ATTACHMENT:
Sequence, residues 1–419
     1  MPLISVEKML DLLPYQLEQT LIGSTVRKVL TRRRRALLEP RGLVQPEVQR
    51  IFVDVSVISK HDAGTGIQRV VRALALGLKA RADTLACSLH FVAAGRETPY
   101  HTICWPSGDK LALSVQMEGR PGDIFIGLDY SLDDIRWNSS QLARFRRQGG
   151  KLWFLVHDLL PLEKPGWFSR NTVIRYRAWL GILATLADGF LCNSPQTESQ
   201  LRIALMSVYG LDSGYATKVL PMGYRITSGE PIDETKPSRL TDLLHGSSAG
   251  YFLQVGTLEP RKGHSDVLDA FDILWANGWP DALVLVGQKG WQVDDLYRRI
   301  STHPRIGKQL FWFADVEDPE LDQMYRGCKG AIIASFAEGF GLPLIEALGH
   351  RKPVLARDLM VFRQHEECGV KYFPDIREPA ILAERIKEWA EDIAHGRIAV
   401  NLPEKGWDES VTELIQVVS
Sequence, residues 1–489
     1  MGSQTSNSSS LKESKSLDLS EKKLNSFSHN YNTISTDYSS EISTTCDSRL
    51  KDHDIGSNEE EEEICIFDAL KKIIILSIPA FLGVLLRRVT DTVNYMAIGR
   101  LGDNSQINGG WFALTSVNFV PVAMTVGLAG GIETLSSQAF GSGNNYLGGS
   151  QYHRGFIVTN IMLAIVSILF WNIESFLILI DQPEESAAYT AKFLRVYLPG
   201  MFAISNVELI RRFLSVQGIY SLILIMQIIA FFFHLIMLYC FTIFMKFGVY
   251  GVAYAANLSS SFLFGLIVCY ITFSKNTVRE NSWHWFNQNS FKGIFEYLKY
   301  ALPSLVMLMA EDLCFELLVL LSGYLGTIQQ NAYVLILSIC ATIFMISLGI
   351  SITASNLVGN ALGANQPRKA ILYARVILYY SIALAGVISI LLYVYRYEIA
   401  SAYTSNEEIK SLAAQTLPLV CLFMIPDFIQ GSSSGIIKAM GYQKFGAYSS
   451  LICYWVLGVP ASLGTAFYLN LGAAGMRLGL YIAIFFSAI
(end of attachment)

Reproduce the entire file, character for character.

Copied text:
Sequence, residues 1–419
     1  MPLISVEKML DLLPYQLEQT LIGSTVRKVL TRRRRALLEP RGLVQPEVQR
    51  IFVDVSVISK HDAGTGIQRV VRALALGLKA RADTLACSLH FVAAGRETPY
   101  HTICWPSGDK LALSVQMEGR PGDIFIGLDY SLDDIRWNSS QLARFRRQGG
   151  KLWFLVHDLL PLEKPGWFSR NTVIRYRAWL GILATLADGF LCNSPQTESQ
   201  LRIALMSVYG LDSGYATKVL PMGYRITSGE PIDETKPSRL TDLLHGSSAG
   251  YFLQVGTLEP RKGHSDVLDA FDILWANGWP DALVLVGQKG WQVDDLYRRI
   301  STHPRIGKQL FWFADVEDPE LDQMYRGCKG AIIASFAEGF GLPLIEALGH
   351  RKPVLARDLM VFRQHEECGV KYFPDIREPA ILAERIKEWA EDIAHGRIAV
   401  NLPEKGWDES VTELIQVVS
Sequence, residues 1–489
     1  MGSQTSNSSS LKESKSLDLS EKKLNSFSHN YNTISTDYSS EISTTCDSRL
    51  KDHDIGSNEE EEEICIFDAL KKIIILSIPA FLGVLLRRVT DTVNYMAIGR
   101  LGDNSQINGG WFALTSVNFV PVAMTVGLAG GIETLSSQAF GSGNNYLGGS
   151  QYHRGFIVTN IMLAIVSILF WNIESFLILI DQPEESAAYT AKFLRVYLPG
   201  MFAISNVELI RRFLSVQGIY SLILIMQIIA FFFHLIMLYC FTIFMKFGVY
   251  GVAYAANLSS SFLFGLIVCY ITFSKNTVRE NSWHWFNQNS FKGIFEYLKY
   301  ALPSLVMLMA EDLCFELLVL LSGYLGTIQQ NAYVLILSIC ATIFMISLGI
   351  SITASNLVGN ALGANQPRKA ILYARVILYY SIALAGVISI LLYVYRYEIA
   401  SAYTSNEEIK SLAAQTLPLV CLFMIPDFIQ GSSSGIIKAM GYQKFGAYSS
   451  LICYWVLGVP ASLGTAFYLN LGAAGMRLGL YIAIFFSAI